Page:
ISLAMABAD: Scores of water and power projects have slowed down as the government could so far release only 25-30% of funds allocated for financial year 2016-17, say officials of the Ministry of Water and Power.
Briefing the National Assembly Standing Committee on Water and Power that met on Wednesday under the chairmanship of MNA Muhammad Arshad Khan Leghari, the ministry officials said of a total of Rs216 billion for 173 projects, only 25-30% was released in the current financial year.
For the next year, Rs231 billion has been sought for 180 water and power projects.
The parliamentary panel was apprised about budgetary proposals for the Public Sector Development Programme (PSDP) for the next financial year 2017-18.
It endorsed all the proposals of power distribution companies and directed them to give top priority to completing the ongoing projects.
The panel was of the view that due to delay in completion of the projects, their costs had increased, causing a huge loss to the national exchequer. It also decided to approach the Finance and Planning Divisions for allocation of the proposed funds to the Ministry of Water and Power in the next financial year.
Additional Water and Power Secretary Hassan Nasir Jami told the parliamentary body that they had sought Rs150 billion for water projects under the PSDP for the next financial year 2017-18.
The allocation for water and power projects had dropped to Rs31 billion from Rs70 billion, he said, arguing that funds for water schemes were not enough to meet the requirement.
Jami pointed out that Khyber-Pakhtunkhwa (K-P) wanted Rs46 billion for four water schemes and demanded Rs127 billion in the next financial year’s budget for new schemes. K-P had four fertile districts but they were connected to an old irrigation system, he said.
Similarly, Balochistan has sought Rs18 billion for three schemes and needs an allocation of Rs91.8 billion for 18 new schemes.
Officials of the Water and Power Development Authority (Wapda) told committee members that the cost of mega Kachhi Canal project had jumped up to Rs80 billion compared to earlier Rs57 billion.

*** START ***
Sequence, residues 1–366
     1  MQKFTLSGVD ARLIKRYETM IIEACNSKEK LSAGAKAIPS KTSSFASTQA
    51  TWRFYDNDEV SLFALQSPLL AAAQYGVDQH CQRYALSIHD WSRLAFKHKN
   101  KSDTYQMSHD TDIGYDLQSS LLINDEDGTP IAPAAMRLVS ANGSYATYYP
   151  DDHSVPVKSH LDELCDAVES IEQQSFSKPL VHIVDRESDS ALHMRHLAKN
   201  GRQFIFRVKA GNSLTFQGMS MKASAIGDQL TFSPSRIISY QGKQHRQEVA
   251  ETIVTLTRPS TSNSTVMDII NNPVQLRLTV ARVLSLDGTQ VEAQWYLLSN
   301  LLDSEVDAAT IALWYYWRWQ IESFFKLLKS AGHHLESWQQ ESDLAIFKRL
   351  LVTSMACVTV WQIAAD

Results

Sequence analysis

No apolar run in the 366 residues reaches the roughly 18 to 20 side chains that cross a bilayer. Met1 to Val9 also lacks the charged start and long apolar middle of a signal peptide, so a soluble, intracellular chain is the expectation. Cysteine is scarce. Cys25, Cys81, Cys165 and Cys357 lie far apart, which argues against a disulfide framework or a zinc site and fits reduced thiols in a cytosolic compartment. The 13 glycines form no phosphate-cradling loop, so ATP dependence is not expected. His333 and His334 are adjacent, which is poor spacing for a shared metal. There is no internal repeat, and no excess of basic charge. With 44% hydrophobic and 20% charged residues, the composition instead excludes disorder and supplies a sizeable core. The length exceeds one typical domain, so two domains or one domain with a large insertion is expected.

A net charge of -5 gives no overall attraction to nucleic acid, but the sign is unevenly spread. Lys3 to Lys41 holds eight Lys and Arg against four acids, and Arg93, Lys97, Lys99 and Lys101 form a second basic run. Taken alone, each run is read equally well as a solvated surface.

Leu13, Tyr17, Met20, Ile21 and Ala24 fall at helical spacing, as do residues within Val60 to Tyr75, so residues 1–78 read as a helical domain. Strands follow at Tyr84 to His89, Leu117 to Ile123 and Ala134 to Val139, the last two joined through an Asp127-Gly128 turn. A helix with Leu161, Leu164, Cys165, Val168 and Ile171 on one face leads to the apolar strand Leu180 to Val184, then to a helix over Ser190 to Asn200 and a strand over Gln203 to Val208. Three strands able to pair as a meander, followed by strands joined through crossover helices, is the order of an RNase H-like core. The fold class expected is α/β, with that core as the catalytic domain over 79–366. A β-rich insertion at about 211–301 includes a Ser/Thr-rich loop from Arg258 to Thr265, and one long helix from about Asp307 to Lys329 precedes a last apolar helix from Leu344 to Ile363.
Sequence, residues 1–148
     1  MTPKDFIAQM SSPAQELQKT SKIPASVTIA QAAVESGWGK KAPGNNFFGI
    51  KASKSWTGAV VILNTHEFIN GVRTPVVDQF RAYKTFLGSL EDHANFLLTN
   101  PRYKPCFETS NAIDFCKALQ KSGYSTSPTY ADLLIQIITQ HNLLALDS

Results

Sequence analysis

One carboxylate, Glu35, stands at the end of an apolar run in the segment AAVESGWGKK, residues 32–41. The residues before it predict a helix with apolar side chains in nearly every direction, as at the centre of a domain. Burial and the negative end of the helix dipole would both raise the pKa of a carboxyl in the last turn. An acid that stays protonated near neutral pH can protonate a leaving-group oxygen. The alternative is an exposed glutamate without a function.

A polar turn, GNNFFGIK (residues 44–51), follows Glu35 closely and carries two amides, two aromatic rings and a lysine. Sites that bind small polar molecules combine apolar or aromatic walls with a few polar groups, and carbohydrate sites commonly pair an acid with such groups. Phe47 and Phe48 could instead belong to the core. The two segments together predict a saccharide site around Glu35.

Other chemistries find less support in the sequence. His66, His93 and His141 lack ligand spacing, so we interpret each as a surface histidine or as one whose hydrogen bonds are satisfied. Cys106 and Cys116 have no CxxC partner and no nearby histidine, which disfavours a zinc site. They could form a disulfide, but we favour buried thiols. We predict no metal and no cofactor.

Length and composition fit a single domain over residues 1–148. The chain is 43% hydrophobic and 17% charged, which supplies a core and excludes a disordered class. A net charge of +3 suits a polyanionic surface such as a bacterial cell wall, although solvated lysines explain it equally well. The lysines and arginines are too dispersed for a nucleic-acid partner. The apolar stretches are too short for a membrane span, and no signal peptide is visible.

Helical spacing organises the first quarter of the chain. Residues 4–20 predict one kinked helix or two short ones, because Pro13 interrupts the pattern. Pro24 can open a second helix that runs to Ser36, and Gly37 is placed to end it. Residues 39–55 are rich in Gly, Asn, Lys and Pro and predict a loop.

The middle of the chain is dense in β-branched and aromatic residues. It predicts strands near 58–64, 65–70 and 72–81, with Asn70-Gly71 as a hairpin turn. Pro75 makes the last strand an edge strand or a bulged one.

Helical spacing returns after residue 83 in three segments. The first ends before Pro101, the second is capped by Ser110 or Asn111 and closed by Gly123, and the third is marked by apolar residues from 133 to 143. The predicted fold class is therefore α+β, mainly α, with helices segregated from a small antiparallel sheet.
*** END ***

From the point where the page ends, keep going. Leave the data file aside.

The committee members voiced concern over the cost escalation and made queries about accountability.
Sindh’s chief engineer of irrigation pointed out that they had planned six projects for the harvesting of rainwater and for that they needed land. “Sindh requires Rs91 billion for new projects, but it has demanded Rs74 billion in the next financial year,” he said.
He warned that the Sukkur Barrage would become useless in the next 10 years if the water reservoir was not rehabilitated. “Sindh has demanded Rs16 billion for the barrage which will enhance its life by 40 years.”
Earlier, State Minister for Water and Power Abid Sher Ali briefed the committee on projects included in the PSDP for 2017-18.
He suggested that provinces should also bear responsibility and release matching grant to resolve the issue of fund shortage. He emphasised that the government had provided funds for re-gasified liquefied natural gas (LNG) power plants and Diamer-Bhasha Dam, which would play its role in meeting the government’s responsibility.
He acknowledged that Pakistan was facing water losses and no new storages had been built over the years. He stressed that the people behind the delay in projects should be held accountable and awarded punishment.
Committee members proposed that a bill should be brought in that regard and a policy should also be framed.
Published in The Express Tribune, February 16th, 2017.
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